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New ways discovered to test for toxic algae, according to OSU study

Amid a health advisory for algae blooms in the Willamette River near downtown Portland, researchers have been developing a new way to figure out which are toxic.

PORTLAND, Ore. — There is a new way to discover toxins in algae blooms that impact waterways, according to researchers at Oregon State University. 

Researchers said the new method may provide a more efficient way to deal with the danger. The most recent example of toxic algae bloom is in a large section of the Willamette River near downtown Portland. The notice has been in effect since Aug. 15, with the Oregon Health Authority and Multnomah County Health Department warning people and their pets to stay out of the water and avoid drinking it.

RELATED: Algae blooms in the Willamette River prompt advisories from Oregon Health Authority

The current system of testing for toxins is not that efficient or economical. It requires water samples to be gathered, transported to labs and run through a costly analysis.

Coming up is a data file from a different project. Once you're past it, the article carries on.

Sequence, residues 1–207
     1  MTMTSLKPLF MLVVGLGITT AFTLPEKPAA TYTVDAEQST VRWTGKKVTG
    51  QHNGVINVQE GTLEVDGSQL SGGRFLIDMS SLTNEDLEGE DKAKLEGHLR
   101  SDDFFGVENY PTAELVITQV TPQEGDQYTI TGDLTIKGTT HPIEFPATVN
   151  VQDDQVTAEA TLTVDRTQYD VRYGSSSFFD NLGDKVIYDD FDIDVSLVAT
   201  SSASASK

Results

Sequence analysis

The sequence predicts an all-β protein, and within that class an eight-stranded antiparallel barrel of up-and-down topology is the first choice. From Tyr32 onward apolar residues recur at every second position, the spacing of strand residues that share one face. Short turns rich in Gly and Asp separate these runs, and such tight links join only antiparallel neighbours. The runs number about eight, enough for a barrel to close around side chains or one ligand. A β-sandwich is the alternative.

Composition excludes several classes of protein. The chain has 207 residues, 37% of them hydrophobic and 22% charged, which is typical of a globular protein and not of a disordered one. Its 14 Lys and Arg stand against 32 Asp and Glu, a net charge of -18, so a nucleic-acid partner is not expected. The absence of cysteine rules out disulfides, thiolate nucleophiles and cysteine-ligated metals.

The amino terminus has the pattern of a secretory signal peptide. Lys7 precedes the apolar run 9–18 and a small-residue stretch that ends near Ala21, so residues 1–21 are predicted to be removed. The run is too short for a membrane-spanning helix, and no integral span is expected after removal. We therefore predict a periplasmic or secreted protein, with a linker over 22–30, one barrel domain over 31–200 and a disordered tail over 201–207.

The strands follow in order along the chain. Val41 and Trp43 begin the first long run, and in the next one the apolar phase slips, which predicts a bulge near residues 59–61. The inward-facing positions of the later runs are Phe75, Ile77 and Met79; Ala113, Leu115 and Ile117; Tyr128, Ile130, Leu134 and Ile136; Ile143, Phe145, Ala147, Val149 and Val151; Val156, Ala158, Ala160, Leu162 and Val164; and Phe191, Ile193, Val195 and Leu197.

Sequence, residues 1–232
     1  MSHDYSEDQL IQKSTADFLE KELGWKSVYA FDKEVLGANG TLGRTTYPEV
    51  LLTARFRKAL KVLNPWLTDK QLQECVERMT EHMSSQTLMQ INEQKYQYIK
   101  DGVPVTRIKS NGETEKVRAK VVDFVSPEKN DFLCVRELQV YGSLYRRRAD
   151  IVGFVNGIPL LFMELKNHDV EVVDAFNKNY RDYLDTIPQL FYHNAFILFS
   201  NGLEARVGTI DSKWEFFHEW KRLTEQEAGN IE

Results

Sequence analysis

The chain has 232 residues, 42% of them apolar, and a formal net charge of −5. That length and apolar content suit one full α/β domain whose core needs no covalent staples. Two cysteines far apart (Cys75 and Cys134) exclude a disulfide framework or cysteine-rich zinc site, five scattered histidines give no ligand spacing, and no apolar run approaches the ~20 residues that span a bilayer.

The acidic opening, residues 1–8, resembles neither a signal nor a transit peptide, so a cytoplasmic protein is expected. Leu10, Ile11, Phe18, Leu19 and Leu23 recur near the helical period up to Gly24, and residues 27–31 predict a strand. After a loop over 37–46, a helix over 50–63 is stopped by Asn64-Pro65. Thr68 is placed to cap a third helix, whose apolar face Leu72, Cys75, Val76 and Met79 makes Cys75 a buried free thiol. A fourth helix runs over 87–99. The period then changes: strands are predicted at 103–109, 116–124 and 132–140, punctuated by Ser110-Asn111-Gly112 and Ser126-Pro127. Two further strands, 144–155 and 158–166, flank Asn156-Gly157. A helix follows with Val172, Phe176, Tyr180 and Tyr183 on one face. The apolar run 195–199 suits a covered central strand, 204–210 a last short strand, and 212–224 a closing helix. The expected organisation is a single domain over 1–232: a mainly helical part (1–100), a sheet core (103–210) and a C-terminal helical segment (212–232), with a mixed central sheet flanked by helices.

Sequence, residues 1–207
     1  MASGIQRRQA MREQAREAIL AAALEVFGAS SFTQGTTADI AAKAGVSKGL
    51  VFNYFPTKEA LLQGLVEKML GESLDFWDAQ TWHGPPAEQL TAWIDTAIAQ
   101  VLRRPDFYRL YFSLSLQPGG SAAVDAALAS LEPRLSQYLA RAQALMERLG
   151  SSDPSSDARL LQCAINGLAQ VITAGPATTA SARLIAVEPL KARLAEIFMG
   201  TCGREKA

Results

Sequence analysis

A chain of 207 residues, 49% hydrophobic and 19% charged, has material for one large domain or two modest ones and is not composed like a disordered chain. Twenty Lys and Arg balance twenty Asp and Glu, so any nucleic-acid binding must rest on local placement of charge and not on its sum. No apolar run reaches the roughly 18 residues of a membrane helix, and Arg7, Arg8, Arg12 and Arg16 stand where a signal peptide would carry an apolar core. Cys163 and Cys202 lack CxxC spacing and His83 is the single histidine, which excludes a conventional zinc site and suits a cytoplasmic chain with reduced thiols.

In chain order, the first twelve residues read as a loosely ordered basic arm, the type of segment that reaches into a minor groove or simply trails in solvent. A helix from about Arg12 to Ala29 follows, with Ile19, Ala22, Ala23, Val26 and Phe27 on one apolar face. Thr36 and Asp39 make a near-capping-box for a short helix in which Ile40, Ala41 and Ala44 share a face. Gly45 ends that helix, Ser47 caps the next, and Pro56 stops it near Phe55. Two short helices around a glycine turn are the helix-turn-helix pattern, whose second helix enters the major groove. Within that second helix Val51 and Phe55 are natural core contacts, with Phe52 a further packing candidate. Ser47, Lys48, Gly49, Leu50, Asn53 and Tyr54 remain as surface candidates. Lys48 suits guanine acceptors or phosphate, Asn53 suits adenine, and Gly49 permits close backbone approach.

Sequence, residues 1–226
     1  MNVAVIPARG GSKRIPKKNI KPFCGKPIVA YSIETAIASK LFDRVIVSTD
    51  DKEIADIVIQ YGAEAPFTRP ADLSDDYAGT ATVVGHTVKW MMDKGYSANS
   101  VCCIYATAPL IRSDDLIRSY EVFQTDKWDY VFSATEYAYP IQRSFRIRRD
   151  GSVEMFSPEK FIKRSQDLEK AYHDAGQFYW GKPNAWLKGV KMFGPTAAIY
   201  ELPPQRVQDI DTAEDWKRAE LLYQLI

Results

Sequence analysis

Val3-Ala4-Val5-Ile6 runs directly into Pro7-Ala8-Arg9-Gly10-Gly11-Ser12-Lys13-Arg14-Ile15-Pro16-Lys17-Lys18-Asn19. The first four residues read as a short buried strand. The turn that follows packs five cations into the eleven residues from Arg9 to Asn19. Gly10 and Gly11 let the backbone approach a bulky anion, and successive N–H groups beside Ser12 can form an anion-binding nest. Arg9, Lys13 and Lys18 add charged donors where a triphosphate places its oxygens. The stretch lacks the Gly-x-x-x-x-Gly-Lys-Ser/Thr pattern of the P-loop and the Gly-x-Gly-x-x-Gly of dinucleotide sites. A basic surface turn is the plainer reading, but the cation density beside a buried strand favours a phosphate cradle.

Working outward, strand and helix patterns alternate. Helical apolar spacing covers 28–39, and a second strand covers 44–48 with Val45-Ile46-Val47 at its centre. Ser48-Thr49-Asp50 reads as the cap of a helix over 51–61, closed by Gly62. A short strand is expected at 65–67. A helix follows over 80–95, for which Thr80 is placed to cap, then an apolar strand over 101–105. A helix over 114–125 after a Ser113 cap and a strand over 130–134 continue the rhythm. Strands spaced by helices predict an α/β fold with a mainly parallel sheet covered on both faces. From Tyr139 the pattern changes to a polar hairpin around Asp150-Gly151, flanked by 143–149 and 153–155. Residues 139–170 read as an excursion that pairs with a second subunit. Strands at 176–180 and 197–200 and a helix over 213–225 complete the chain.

That's according to an Oregon State University researcher, who said two years of study has developed a way to quickly test volatile organic compounds released as gases by algae blooms, to determine toxicity and danger.

"We were successful in identifying a subset of this large number of chemicals that were reliably present in certain combinations when toxin was also present," the researcher said.

The study focused on one body of water, Upper Klamath Lake in southern Oregon, which is known for annual toxic algae blooms.

"When there's this sort of large amount of cyanobacteria, this particular type of algae, sometimes under unpredictable conditions, they will produce a lot of toxins," the researcher said.

Credit: KGW

The hope is the new method can be used in the future to more quickly evaluate water in places like Detroit Lake, where cyanobacteria produced toxins in 2018 and made its way into Salem tap water.

"But if we can give [water managers] that information ahead of time, then they can be more prepared to either apply treatments that they may use, or actually close waterways to avoid exposures by the public," the researcher said.

Similar methods may also be used to give the all clear when the water is once again safe.

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